Stock investors thought the over-Fed market’s bull run would prove immortal, but all the overripe market needed was for a fat, black swan to drop down on the market’s head and knock some sense into it. Economic damage worldwide, however, is far from limited to stocks. Some of it seems almost silly or bizarre, but such is the case when the entire global economy is already in ill health, having survived on Fedmed for a decade.

Macy’s to Close 125 Stores as It Seeks to Reinvent Itself

By Associated Press – Re-Blogged From Headline Wealth

Macy’s said Tuesday it is closing 125 of its least productive stores and cutting 2,000 corporate jobs as the struggling department store tries to reinvent itself in the age of online shopping.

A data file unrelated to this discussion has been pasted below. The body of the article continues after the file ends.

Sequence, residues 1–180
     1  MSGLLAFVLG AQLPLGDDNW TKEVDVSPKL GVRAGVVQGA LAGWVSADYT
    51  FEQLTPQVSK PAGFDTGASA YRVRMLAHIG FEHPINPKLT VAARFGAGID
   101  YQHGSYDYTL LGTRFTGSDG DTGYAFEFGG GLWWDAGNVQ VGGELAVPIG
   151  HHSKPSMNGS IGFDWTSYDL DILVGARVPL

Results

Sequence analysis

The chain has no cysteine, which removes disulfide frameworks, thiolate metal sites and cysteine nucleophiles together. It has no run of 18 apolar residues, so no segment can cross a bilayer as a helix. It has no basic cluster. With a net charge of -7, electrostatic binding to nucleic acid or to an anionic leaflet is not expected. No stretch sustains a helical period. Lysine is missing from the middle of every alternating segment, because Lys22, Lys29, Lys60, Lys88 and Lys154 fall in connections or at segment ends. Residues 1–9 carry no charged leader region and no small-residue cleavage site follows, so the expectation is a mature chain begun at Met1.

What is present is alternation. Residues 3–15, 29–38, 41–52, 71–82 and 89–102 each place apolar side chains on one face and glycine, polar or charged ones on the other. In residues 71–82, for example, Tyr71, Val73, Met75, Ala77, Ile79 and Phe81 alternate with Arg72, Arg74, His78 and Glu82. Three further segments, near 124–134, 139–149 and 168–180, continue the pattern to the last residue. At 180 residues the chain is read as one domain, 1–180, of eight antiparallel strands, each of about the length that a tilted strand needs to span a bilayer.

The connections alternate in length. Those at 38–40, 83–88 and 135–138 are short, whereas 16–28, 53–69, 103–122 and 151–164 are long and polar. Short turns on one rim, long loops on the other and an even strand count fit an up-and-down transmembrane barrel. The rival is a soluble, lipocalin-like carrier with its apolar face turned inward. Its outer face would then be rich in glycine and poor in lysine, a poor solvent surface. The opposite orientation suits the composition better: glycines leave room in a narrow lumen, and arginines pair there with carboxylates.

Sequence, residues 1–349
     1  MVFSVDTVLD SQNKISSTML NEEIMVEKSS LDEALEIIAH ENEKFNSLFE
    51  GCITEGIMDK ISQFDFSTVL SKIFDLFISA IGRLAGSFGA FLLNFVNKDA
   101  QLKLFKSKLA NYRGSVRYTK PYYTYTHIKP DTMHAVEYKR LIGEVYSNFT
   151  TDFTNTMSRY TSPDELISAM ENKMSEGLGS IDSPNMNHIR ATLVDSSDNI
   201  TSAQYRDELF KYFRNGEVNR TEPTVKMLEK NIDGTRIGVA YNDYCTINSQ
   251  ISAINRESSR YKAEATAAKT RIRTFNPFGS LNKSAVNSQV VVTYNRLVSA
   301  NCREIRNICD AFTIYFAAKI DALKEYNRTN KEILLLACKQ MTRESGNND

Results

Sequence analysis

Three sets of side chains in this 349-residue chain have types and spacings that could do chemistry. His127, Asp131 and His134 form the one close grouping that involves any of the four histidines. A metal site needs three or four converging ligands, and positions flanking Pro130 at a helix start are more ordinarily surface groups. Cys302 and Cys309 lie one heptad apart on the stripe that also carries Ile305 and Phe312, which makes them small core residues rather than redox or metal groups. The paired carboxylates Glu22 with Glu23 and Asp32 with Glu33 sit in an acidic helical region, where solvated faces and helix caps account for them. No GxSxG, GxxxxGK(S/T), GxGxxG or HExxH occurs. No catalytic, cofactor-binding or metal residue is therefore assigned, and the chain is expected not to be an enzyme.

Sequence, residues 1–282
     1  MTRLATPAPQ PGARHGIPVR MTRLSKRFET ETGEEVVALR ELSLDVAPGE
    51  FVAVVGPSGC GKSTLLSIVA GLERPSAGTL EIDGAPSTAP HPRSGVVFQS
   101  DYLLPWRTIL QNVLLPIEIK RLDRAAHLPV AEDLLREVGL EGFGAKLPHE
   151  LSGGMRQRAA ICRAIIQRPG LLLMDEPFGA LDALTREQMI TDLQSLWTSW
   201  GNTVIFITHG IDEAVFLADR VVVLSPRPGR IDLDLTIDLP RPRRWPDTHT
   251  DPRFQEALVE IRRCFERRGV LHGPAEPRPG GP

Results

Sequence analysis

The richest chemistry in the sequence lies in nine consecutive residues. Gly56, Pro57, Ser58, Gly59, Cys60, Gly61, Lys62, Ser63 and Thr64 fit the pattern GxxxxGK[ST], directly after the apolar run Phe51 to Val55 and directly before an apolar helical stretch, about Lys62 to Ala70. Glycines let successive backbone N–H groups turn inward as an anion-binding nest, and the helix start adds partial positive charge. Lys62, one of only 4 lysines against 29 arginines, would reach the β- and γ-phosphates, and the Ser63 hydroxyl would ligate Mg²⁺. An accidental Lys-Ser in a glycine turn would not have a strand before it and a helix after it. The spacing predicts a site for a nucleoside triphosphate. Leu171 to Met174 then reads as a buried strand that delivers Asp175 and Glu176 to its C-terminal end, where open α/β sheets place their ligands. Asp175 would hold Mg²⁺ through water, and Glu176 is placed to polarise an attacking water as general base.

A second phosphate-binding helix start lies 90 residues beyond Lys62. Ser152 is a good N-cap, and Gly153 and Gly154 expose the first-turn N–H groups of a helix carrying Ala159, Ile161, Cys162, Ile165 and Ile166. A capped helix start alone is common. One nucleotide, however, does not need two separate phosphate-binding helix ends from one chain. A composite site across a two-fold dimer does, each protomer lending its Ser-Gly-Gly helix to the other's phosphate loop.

The store closures represent about one fifth of Macy’s current total. They include about 30 that are in the process of closing and account for $1.4 billion in annual sales.

Macy’s didn’t specify how many jobs would be lost at the shuttered stores.

The corporate jobs will be shed as Macy’s closes its offices in Cincinnati and San Francisco, leaving New York as its sole corporate headquarters. Macy’s said that the 2,000 jobs to be lost account for about 9% of its corporate workforce.

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Stocks Rise As Zombie Companies Proliferate

By Michael Pento – Re-Blogged From Silver Phoenix

Share prices on the major US exchanges are hitting all-time highs at the same time that both the number and percentage of companies that do not make any money at all are rising.